Polar Users Have a Favorite Yahoo Logo. Will Marissa Mayer Agree?
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users could manage them with their thumbs. It also meant leaning on large images rather than text. “When you build for mobile, you generally gravitate to images very quickly, because they communicate so much,” Wroblewski says.
Most of the questions people post to Polar are firmly in the fun-and-inconsequential camp: Teenage Mutant Ninja Turtles or Power Rangers? Betty or Veronica? Pi or pie?
But some questions have a consumer-reviews spin—iPad mini or iPad?—and it’s easy to imagine companies paying Polar to insert polls into the app as a form of customer research. The company could also draw on users’ past answers to show them targeted offers.
Those are all business ideas Input Factory’s six employees plan to explore using the $1.2 million they’ve raised from Yahoo co-founder Jerry Yang, Greylock Partners, and other investors. At the moment, though, the company is focused on gaining users—the better to build a pile of data that it can use later.
“You can very easily share 10 opinions in a 30-second window, so we can collect a lot of data really quickly,” Wroblewski says. The average Polar user, in fact, answers 40 questions per day. That’s a level of engagement that most marketers would kill for: Wroblewski says typical Web and e-mail surveys garner response rates below 1 percent.
Ultimately, any marketing pitch that can be phrased as a question could be fair game on Polar. “Long term, we could insert something like ‘Do you want $5 off a sandwich at Subway?’ And if you say no, we don’t bother you and you move on,” Wroblewski says. “That’s the big picture here. We get so much voting that we can create a very robust interest profile, which allows us to show people things that they would actually be interested in.”
The A vs. B rating model—which gained popularity on the Web around 2000 at the site HotOrNot.com, and popped up again in 2003 in the form of Facemash, the predecessor to Facebook—still appeals to entrepreneurs today. Toutpost, a recent graduate of the Y Combinator startup accelerator, is using the model to gather feedback about products, with the eventual aim of building a large catalog of consumer reviews. 1Mind is using the model in the realm of friend-finding and dating.
But Polar is holding off on specializing. “The reasons we started it as an open, social platform was to see what kinds of things people put into it,” Wroblewski says. So far, he says, product comparisons are less popular than what he calls “people talking about the public mood and water-cooler type things.”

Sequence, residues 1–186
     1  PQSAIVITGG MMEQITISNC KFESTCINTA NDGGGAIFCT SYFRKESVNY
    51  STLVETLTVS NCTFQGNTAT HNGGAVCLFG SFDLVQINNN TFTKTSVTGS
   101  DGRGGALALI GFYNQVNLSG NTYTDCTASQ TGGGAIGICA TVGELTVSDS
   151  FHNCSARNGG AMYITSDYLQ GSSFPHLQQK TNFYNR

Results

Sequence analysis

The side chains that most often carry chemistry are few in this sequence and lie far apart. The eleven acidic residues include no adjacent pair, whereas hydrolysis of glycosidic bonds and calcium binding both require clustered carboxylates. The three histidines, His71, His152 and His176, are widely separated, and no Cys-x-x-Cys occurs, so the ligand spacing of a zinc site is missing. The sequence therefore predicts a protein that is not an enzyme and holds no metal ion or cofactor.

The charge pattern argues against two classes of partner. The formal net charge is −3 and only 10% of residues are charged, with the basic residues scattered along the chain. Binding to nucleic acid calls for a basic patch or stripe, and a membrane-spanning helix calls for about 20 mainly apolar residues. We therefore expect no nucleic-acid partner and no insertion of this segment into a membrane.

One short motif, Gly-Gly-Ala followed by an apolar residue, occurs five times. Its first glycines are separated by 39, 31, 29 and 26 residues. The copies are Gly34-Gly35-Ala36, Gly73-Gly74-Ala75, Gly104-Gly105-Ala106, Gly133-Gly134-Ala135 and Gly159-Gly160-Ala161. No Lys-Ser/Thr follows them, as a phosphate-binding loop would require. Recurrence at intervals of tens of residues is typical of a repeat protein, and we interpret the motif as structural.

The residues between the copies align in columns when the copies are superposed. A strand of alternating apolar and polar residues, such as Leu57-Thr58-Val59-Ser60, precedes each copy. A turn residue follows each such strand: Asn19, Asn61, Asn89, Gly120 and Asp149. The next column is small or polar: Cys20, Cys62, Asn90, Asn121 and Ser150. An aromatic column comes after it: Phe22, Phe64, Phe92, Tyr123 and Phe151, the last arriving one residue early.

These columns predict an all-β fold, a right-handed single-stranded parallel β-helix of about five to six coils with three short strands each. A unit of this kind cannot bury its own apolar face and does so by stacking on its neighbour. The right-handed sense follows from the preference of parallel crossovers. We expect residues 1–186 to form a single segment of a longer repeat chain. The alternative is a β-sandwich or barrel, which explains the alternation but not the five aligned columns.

A soon-to-be-released feature will let users set up small group polls, meaning families or friends could use Polar to make decisions such as where to go on a group vacation. And Microsoft’s Xbox division is testing a “Companion Web” feature that lets users vote on questions that show up in a side panel of the screen during streaming TV shows.
The common theme in all these experiments: making voting so easy you can do it with your thumb. “We’re rethinking the opinion-gathering model for the world of the Facebook Like button,” Wroblewski says. So the next time Yahoo wants to change its logo, it might want to call up Polar first.
Addendum, 2:15 pm, September 4, 2013: Polar isn’t the only company capitalizing on the buzz around Yahoo’s logo change. 99designs, the Web design crowdsourcing platform, recently announced the winner of its own contest to design a new Yahoo logo. The top design, from a firm called GREYdesigns, is shown at left. Personally, I think it’s better than any of the designs Yahoo floated, but it may be a bit too radical for some: In a Polar poll today, the original Yahoo logo is beating the GREYdesigns version by a vote of 155 to 56.
Update, 9:25 pm PT, September 4, 2013: Yahoo has unveiled its new logo, and the answer is “none of the above.” It appears that the final logo, shown here, was not one of the versions previewed on days 1 through 29 of the “30 Days of Change” campaign. The new logo font appears to be a version of Optima, a popular sans-serif typeface designed by Hermann Zapf in the early 1950s.